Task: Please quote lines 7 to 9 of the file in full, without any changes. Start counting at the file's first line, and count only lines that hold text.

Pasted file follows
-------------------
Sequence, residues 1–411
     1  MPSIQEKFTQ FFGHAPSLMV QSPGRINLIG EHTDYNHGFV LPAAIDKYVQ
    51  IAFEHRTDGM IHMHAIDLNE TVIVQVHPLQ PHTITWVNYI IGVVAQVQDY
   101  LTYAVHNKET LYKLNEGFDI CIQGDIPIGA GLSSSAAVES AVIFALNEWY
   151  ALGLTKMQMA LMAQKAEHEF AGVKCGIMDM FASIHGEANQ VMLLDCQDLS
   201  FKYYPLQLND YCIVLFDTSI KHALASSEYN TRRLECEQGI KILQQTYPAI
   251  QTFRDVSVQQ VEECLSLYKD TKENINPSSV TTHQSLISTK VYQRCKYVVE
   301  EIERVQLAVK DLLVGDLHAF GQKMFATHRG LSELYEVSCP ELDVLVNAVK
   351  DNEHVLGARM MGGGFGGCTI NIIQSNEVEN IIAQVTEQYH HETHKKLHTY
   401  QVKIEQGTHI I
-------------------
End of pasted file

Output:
   251  QTFRDVSVQQ VEECLSLYKD TKENINPSSV TTHQSLISTK VYQRCKYVVE
   301  EIERVQLAVK DLLVGDLHAF GQKMFATHRG LSELYEVSCP ELDVLVNAVK
   351  DNEHVLGARM MGGGFGGCTI NIIQSNEVEN IIAQVTEQYH HETHKKLHTY